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147
A Secure and Optimally Efficient MultiAuthority Election Scheme
, 1997
"... Abstract. In this paper we present a new multiauthority secretballot election scheme that guarantees privacy, universal verifiability, and robustness. It is the first scheme for which the performance is optimal in the sense that time and communication complexity is minimal both for the individual ..."
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Cited by 285 (6 self)
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Abstract. In this paper we present a new multiauthority secretballot election scheme that guarantees privacy, universal verifiability, and robustness. It is the first scheme for which the performance is optimal in the sense that time and communication complexity is minimal both for the individual voters and the authorities. An interesting property of the scheme is that the time and communication complexity for the voter is independent of the number of authorities. A voter simply posts a single encrypted message accompanied by a compact proof that it contains a valid vote. Our result is complementary to the result by Cramer, Franklin, Schoenmakers, and Yung in the sense that in their scheme the work for voters is linear in the number of authorities but can be instantiated to yield informationtheoretic privacy, while in our scheme the voter’s effort is independent of the number of authorities but always provides computational privacyprotection. We will also point out that the majority of proposed voting schemes provide computational privacy only (often without even considering the lack of informationtheoretic privacy), and that our new scheme is by far superior to those schemes. 1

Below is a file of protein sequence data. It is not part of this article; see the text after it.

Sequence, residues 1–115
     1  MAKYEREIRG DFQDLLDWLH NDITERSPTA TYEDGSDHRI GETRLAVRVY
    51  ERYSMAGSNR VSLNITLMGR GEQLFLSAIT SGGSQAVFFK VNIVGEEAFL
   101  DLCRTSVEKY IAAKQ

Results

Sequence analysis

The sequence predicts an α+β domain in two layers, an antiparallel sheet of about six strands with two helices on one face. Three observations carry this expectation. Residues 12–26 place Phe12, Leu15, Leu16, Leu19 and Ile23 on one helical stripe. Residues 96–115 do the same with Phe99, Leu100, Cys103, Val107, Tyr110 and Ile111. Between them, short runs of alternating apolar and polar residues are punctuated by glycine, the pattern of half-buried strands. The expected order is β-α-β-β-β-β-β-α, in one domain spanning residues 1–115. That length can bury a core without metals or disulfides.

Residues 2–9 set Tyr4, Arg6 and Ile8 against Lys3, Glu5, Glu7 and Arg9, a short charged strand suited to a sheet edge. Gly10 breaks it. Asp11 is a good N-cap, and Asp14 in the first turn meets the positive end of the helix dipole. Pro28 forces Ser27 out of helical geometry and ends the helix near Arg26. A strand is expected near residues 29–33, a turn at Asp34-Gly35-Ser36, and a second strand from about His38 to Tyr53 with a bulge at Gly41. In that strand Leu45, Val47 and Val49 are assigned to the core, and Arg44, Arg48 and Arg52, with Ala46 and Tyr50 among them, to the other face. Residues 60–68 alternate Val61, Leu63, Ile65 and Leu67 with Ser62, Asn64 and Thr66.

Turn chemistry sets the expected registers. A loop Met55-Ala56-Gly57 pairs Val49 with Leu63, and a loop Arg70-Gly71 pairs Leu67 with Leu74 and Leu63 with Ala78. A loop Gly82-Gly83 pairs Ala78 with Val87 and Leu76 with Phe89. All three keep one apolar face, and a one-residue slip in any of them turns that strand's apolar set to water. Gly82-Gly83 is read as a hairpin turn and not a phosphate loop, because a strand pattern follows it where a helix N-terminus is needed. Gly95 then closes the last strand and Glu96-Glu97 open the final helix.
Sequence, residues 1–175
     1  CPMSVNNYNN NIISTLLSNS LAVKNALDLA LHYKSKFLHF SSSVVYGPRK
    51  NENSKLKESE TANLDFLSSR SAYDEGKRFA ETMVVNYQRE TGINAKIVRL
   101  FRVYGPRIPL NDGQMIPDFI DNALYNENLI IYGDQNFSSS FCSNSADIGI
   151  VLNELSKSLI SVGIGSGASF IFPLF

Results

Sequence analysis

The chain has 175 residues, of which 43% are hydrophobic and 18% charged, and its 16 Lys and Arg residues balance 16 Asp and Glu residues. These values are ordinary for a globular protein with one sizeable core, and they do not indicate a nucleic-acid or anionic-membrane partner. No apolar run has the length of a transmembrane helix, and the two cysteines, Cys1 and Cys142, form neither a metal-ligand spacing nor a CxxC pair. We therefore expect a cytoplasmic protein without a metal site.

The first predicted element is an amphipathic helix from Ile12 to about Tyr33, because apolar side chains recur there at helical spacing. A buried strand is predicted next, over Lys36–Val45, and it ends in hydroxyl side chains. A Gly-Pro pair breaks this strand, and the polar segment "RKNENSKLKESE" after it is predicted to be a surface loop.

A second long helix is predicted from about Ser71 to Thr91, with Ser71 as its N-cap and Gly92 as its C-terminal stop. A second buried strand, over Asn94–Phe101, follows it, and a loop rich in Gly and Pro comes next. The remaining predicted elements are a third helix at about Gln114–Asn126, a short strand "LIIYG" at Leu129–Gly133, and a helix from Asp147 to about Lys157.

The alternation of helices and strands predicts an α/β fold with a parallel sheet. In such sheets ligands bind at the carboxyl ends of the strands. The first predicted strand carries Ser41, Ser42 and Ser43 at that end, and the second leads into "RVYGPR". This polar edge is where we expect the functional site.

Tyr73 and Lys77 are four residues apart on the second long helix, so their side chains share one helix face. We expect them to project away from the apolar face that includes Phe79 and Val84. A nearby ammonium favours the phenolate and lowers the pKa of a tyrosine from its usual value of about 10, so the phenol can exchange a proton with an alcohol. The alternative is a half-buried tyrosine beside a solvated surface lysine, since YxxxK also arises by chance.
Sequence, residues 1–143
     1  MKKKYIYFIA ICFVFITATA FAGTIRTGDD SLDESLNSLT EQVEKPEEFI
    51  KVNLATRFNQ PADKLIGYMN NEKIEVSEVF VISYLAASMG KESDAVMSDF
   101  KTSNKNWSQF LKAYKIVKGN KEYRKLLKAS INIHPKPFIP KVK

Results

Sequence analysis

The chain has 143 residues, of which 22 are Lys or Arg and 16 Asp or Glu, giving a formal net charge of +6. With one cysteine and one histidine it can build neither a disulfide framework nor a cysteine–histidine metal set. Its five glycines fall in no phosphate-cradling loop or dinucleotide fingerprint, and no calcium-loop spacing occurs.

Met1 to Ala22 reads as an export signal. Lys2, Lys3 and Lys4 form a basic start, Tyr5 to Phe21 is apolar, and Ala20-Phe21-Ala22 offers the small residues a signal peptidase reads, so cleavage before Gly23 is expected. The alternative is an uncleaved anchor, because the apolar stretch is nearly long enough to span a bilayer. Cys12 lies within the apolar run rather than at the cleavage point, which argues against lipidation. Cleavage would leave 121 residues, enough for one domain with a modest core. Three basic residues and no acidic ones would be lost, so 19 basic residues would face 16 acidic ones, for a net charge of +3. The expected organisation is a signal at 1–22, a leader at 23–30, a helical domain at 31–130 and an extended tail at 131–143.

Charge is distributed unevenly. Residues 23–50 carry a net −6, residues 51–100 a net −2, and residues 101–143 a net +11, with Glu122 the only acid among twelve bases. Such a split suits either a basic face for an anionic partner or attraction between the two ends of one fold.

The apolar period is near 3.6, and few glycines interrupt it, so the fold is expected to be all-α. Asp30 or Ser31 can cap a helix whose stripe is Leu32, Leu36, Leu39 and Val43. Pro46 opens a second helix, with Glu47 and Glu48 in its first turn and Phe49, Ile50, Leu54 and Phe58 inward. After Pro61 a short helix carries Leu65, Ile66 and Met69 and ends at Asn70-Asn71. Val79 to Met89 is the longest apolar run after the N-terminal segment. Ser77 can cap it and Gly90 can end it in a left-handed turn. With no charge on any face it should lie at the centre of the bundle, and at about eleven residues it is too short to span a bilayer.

Evaluating 2dnf formulas on ciphertexts
 In proceedings of TCC ’05, LNCS series
, 2005
"... Abstract. Let ψ be a 2DNF formula on boolean variables x1,..., xn ∈ {0, 1}. We present a homomorphic public key encryption scheme that allows the public evaluation of ψ given an encryption of the variables x1,..., xn. In other words, given the encryption of the bits x1,..., xn, anyone can create th ..."
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Cited by 199 (7 self)